Was saved by one that he had that day wronged.
Thus Dalton Earl: "I thank you for this act,
Thwarting a bad intent. Yet I had cause
To take the sullied life of Richard Wain.
He drugged the wine he gave me at his house,
And knowing that I had with me the deed
And title of my lands, begged me to play,
And while I played, stake all upon a card.
He won, and I have hated from that hour."

XIV.

Like some great thought that finds release at last,
The happy Spring in buds expression found.
Coralline Earl grew rich in every grace.
Her eyes' blue heavens were serene with soul,
And goodness sunned her face from light within.
Her hands were soft with kindness. On her brow
Shone hope, more lovely than a ruby star.
 
As in the ancient days sat Mordecai
At the king's gate, and waited for the hour,
When, clothed with pomp, he too should take his seat
Among the mighty nobles of the land,
So at the gateway of her palace heart,
Love tarried, that he too might enter in,
And rule the kingdom of another life.
Not long the waiting; for when Stanley Thane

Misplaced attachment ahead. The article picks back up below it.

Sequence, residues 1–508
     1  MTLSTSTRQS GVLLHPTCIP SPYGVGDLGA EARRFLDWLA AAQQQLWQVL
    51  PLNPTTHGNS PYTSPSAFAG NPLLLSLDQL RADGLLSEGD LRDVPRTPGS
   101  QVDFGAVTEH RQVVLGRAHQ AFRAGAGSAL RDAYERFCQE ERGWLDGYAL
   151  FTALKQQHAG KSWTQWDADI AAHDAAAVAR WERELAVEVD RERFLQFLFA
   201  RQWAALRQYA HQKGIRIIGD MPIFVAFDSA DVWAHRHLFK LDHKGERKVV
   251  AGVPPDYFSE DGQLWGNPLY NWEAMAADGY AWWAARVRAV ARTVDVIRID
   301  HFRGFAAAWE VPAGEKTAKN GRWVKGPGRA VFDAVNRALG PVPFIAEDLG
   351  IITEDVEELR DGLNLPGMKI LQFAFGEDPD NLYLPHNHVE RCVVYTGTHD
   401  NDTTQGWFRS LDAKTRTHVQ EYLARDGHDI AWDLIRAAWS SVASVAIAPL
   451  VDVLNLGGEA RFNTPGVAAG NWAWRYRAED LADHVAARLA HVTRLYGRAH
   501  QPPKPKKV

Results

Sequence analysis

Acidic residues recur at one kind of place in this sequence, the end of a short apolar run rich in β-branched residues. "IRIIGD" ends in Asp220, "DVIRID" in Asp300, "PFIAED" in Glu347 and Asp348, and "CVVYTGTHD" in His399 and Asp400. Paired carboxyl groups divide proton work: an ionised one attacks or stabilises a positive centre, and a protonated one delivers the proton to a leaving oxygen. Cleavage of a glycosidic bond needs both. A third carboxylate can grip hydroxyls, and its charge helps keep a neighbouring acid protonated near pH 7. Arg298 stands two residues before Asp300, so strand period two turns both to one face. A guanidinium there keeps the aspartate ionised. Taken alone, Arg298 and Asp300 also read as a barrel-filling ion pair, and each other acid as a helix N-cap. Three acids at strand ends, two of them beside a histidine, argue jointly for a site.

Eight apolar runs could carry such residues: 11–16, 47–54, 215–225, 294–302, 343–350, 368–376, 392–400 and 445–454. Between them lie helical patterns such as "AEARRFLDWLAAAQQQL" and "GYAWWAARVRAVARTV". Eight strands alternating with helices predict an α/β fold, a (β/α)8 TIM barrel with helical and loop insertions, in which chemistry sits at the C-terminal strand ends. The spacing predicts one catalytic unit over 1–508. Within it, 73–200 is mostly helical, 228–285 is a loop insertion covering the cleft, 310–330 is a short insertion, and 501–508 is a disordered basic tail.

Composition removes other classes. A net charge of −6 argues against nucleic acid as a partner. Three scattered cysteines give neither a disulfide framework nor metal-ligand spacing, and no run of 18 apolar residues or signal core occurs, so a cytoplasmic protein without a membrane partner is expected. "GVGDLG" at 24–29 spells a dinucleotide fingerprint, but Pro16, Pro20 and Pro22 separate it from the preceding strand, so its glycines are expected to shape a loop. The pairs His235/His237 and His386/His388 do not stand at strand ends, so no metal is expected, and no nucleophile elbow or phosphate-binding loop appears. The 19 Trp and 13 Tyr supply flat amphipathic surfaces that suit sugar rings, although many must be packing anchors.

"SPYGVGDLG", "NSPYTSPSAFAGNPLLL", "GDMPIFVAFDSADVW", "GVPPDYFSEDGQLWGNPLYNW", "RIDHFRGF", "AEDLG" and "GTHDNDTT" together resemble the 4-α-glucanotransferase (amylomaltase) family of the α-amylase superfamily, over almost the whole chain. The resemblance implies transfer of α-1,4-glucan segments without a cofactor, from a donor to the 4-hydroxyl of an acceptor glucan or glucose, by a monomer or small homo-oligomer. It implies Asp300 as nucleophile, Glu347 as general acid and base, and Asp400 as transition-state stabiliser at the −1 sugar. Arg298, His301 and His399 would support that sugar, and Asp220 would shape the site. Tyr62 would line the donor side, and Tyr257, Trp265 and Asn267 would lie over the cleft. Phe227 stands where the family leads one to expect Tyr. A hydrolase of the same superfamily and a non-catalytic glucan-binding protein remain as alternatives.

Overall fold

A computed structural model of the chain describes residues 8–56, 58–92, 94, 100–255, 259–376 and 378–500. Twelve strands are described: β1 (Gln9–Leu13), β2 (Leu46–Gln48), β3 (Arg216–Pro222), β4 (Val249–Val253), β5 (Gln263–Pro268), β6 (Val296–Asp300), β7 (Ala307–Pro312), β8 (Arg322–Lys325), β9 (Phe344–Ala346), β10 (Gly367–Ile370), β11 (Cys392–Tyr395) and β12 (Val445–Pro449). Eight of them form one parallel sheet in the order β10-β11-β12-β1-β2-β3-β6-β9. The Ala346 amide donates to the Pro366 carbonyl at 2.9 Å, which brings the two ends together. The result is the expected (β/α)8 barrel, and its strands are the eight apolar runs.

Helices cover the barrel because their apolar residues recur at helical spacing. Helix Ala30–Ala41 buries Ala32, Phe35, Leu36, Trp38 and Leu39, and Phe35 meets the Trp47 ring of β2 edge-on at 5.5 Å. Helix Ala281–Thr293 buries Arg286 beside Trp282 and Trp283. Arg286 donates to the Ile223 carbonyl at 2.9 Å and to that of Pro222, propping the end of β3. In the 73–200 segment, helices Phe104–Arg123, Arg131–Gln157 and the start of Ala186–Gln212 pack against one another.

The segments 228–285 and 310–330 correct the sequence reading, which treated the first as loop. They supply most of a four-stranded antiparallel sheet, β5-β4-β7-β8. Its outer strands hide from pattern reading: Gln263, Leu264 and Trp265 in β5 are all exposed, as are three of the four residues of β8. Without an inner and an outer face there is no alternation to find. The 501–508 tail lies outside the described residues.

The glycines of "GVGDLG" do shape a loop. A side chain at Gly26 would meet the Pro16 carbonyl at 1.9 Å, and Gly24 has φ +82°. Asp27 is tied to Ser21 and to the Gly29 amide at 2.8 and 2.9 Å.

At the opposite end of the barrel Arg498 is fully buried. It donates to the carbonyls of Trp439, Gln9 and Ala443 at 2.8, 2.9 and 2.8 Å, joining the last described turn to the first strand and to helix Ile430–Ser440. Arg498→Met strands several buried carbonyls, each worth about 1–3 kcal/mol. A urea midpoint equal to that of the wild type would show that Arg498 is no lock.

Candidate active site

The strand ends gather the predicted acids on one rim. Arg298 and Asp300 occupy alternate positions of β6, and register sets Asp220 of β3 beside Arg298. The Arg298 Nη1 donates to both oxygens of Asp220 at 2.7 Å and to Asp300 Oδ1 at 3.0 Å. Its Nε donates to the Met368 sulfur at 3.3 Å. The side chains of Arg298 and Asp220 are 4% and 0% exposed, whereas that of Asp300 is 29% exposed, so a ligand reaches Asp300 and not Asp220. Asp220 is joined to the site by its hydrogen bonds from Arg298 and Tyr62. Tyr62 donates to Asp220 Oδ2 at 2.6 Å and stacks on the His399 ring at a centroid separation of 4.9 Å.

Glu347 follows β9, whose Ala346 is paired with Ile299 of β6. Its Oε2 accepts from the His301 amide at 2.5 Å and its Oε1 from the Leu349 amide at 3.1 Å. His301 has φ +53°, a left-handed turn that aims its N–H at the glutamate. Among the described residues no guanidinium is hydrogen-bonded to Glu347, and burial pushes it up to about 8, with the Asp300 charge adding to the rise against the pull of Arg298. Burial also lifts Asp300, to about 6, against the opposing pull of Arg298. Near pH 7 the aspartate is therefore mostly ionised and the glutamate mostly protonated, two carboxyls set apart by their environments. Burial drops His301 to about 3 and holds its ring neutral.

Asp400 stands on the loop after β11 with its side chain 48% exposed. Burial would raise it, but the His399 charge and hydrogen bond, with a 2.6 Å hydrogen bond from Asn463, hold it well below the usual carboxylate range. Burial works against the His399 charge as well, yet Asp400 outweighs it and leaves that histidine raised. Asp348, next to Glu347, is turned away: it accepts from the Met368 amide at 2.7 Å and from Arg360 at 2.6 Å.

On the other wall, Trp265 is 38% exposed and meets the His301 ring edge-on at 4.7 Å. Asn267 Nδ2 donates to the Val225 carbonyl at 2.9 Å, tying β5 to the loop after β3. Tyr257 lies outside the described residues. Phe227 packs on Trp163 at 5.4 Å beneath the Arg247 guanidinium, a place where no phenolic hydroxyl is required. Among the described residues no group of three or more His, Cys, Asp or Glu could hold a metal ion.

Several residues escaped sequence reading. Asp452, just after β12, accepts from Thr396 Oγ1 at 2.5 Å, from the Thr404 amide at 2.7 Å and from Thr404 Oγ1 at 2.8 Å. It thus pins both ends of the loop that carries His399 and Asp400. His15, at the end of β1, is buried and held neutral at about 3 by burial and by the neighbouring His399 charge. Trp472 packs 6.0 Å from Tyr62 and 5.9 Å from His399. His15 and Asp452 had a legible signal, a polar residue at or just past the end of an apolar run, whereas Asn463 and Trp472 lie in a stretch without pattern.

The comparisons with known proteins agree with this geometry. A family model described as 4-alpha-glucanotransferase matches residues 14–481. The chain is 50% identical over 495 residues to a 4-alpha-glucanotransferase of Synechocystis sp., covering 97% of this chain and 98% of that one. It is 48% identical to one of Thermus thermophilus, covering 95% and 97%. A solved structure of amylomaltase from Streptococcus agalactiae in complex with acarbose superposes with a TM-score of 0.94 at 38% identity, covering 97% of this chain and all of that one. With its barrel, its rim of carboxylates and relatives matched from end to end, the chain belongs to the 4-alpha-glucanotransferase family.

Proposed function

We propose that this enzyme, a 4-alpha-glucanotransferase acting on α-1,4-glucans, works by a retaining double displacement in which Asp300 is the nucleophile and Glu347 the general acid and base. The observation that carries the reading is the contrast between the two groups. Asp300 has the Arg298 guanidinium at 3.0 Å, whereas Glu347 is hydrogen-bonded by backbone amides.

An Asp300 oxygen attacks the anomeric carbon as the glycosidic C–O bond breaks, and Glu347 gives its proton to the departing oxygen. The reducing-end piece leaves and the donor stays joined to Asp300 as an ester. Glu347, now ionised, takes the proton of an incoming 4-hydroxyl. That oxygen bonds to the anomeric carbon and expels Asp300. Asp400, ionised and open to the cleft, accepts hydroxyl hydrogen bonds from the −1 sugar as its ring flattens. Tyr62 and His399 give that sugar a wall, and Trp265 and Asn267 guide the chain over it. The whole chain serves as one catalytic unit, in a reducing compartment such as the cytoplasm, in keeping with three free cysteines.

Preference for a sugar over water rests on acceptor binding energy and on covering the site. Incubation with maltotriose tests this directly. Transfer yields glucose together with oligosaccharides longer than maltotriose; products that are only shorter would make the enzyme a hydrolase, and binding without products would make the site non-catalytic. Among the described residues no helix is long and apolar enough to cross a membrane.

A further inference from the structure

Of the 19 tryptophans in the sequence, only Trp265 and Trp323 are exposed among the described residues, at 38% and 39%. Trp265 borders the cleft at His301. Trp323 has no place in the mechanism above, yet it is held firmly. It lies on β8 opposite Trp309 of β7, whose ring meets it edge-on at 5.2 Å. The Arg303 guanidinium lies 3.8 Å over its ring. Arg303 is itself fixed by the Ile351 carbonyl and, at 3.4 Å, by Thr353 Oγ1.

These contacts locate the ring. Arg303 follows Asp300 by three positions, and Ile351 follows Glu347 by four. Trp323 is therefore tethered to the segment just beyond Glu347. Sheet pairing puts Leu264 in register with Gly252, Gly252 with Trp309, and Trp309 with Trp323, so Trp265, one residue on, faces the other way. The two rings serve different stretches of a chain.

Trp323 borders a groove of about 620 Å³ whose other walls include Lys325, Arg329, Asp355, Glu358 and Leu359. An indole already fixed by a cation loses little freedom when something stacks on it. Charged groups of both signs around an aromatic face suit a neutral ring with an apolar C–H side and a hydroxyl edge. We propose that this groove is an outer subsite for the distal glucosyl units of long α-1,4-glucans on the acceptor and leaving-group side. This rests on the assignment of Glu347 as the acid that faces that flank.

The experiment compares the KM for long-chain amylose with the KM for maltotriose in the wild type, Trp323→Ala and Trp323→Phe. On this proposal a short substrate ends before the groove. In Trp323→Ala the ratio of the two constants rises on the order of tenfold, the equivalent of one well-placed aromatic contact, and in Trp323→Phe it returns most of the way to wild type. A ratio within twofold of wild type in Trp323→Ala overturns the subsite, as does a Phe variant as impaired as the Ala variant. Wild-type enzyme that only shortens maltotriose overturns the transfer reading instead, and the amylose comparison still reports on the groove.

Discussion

Came from his northern home with Dalton Earl,
And on the terrace steps met Coralline,
Love took the sceptre that his waiting won.
Well worthy to be loved was Stanley Thane.
He could not claim a titled ancestor,
Nor boast of any blood but Puritan.
His father was successful on exchange,
Reaped fortune by a rise in merchandise,
Now sent his partner son with Dalton Earl
Toward the claspless girdle of the South.
And Stanley Thane was all that makes true men;
High thought, high purpose, loving right the best,
His mind was clear and fresh as air at morn.
He kissed the rosy tips of Coralline's hand,
And that day galloped with her through the town,
And wandered with her down magnolia lanes,
And watched, below the spray-woofed fall, the brook,
That seemed a maid, who, sitting at a loom,
Wove misty lace to decorate the rocks.

 XV.

Long o'er his writings hidden in the tree
Pondered the slave, and found at last their worth.
Must he return them? To whom did they belong?
If he should give them back to Dalton Earl
Unjustly, Richard Wain might claim them still.
He chose to keep there folded round the Book,
Hid in the secret hollow of the tree.
He thought of Ruth as one who was at rest,
And wept for her as though she was no more,
And sometimes gathered flowers, and placed them where
He knew she soon would pass, as tenderly